We visited Mount Vernon while we were in the greater Washington, D.C. area this weekend. Mount Vernon was the home and plantation of George Washington. It is roughly 50 acres and contains numerous original buildings that are maintained to reflect what the estate looked like in 1799 when Washington died. George and Martha and several of his relatives are buried on the grounds of the estate. It is a national historical site and draws a million visitors every year.
This was not my first trip to Mount Vernon, but it was for the rest of the family. In the mid 1970’s I visited Mount Vernon as a small child and apparently caused a bit of a stir. Although I have no recollection of the incident, my father likes telling the story of how I slipped under a rope barrier while touring the house and ran over to a 200 year old chair, climbed up on it and looked out the window at the Potomac River. My father ran over to get me, and in doing so, tripped a security alarm. That sent guards scurrying over to investigate. Apparently everybody had a good laugh when they saw it was just a toddler trying to get a better view of the river.
Fast forward to this past weekend and I was half-expecting to be denied entry into Mount Vernon over my past indiscretion or in the very least I thought one of the guards might say, “Oh, it’s you again – I remember the last time you were here!” But I was able to slip past security unnoticed (I guess I have changed a bit in the last 37 years), although I did have a sinking feeling that either Finnegan or Declan could pull the same stunt I did – or worse Rosalita might get into mischief. That’s right – we brought Rosie to Mount Vernon as it is pet-friendly. Given that a significant portion of a visit to Mount Vernon involves strolling the grounds and touring gardens and other outdoor areas, there is much you can see and do with your dog accompanying you. Dogs are not allowed to visit the inside George Washington’s house so you will have to skip the tour, but they are welcome in all of the outdoor areas including the famous back porch. More than one person came up to me and said that they wish they had known the site was pet-friendly as they too would have brought their dogs along to visit.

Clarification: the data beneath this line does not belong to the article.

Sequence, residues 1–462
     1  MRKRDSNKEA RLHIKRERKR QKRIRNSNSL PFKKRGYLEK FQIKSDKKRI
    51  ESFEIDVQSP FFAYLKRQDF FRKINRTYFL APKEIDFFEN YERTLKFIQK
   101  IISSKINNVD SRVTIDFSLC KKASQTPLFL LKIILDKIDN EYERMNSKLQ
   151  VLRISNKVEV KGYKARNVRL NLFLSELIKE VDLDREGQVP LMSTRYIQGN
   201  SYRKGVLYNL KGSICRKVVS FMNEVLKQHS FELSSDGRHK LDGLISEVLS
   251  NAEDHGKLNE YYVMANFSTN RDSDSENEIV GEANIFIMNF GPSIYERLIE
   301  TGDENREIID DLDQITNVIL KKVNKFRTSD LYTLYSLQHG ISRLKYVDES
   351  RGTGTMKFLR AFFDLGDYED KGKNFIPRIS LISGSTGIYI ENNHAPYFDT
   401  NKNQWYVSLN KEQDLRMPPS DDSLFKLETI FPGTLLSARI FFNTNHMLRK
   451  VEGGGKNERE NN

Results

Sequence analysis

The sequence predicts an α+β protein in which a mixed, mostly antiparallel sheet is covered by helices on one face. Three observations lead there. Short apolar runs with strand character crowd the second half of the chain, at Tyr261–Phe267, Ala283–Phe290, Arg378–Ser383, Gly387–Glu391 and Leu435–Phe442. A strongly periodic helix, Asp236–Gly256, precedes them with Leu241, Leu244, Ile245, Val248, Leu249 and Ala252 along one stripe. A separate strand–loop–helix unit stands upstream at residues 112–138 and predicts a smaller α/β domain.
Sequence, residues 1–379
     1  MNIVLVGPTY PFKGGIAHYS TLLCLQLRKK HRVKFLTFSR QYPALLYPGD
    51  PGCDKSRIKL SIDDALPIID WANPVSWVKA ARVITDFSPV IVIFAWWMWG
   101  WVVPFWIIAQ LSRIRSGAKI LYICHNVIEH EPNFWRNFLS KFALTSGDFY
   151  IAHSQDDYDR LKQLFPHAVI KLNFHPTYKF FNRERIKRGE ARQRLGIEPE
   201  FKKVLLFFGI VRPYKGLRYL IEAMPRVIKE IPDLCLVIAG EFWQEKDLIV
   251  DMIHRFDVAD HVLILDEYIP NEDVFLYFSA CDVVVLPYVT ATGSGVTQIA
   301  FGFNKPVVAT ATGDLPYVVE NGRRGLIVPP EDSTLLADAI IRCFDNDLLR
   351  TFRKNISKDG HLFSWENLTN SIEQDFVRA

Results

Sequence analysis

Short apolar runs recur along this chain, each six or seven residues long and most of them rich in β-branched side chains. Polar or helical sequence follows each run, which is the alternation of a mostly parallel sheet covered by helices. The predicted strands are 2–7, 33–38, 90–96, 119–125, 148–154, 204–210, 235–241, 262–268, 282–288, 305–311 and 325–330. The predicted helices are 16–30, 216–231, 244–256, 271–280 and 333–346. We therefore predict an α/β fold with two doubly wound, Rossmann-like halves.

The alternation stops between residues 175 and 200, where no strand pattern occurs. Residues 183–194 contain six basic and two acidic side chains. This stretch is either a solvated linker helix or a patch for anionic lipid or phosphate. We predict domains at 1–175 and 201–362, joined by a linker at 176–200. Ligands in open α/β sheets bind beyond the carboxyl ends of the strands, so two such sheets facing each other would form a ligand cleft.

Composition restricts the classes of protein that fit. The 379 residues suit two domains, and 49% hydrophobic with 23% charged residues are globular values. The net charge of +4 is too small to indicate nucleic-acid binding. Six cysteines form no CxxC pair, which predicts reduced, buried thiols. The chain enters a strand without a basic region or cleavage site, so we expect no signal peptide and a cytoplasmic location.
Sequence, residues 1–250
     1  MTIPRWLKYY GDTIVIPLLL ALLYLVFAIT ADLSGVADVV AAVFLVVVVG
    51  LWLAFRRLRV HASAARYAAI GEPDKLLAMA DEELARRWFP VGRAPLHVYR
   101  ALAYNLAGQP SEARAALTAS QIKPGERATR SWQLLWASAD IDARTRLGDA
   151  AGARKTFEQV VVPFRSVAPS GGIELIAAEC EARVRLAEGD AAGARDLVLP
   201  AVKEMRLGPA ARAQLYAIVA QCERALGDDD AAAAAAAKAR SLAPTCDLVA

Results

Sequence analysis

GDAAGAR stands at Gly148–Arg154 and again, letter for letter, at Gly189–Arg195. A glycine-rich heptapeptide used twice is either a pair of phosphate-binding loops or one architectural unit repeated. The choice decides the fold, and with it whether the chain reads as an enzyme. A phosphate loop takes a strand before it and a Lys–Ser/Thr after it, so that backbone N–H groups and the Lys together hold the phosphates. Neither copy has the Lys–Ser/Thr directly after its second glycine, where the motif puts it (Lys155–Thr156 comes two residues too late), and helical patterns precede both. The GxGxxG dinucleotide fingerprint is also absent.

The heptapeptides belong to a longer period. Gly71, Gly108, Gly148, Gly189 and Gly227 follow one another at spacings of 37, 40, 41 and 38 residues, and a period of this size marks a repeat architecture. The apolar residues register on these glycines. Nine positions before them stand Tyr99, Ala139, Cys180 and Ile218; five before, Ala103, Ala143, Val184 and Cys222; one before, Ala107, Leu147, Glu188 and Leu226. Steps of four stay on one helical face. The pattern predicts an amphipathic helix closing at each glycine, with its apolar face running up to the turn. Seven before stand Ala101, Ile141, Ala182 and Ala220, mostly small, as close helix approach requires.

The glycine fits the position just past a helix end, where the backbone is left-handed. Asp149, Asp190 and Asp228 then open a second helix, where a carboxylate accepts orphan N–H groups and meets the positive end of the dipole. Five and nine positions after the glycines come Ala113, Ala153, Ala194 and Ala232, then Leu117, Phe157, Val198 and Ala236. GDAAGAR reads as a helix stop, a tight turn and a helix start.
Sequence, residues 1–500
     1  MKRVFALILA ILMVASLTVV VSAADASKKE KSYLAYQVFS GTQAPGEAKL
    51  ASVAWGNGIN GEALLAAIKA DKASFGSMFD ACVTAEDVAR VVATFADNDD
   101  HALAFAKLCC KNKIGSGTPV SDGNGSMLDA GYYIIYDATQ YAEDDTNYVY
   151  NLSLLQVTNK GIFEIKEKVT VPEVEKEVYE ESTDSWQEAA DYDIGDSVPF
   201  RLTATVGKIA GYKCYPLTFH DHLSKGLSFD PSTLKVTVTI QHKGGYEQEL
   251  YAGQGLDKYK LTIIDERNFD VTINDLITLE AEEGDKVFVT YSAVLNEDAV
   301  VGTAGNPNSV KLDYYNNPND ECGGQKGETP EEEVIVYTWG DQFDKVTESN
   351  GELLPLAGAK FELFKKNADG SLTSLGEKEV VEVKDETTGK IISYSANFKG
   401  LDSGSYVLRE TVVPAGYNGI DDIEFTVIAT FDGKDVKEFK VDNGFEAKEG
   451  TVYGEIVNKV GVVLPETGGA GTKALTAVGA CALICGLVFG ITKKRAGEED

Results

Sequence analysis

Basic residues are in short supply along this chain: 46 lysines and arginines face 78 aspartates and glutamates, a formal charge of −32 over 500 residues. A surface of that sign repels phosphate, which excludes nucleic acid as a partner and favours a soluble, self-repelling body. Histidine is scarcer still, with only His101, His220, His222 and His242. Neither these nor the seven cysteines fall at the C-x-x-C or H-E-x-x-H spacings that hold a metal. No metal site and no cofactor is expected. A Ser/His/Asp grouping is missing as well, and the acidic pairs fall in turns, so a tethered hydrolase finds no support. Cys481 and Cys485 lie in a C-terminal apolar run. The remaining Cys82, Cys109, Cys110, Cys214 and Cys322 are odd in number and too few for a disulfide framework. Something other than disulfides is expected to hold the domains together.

We opted to skip the tour of the house, not only because we had Rosie, but also because I do not think the boys would have survived a 40 minute tour that would have been a bit cramped. When you enter Mount Vernon your ticket has a time stamp that designates the tour of the house to which you are assigned. That is the only tour you may attend. When our assigned tour rolled around, the boys were getting ready for a snack, so we headed to the food court instead. Although it would have been nice to see the house and some of the short films offered to learn more about George Washington, that will have to wait for another day. Finnegan already knows a bit about George Washington, mostly because we live very close to the spot where he crossed the Delaware River en route to turning the tide of the Revolutionary War. George’s legacy looms large in our neighborhood, even to modern day.
It does not take long to see why George loved Mount Vernon. From the manicured gardens to the majestic views of the Potomac River, the country estate had everything a country gentleman could want: a blacksmith, a horse stable, an ice house, a cobbler, salt house, spinning house, several pens of livestock and many other necessities of the times. There were also slave quarters and a memorial to the slaves that served there. Touring the grounds is an enriching way to spend several hours. There are even boat rides that dock at a wharf along the river that would be fun, but we were not in time to take one. The two and a half hours we spent at Mount Vernon was certainly not enough to see everything, but it kept the boys’ attention and Rosie loved it too. My hope is we will return to Mount Vernon when the boys are older and begin learning about the great man Washington was and the remarkable things he accomplished in his life.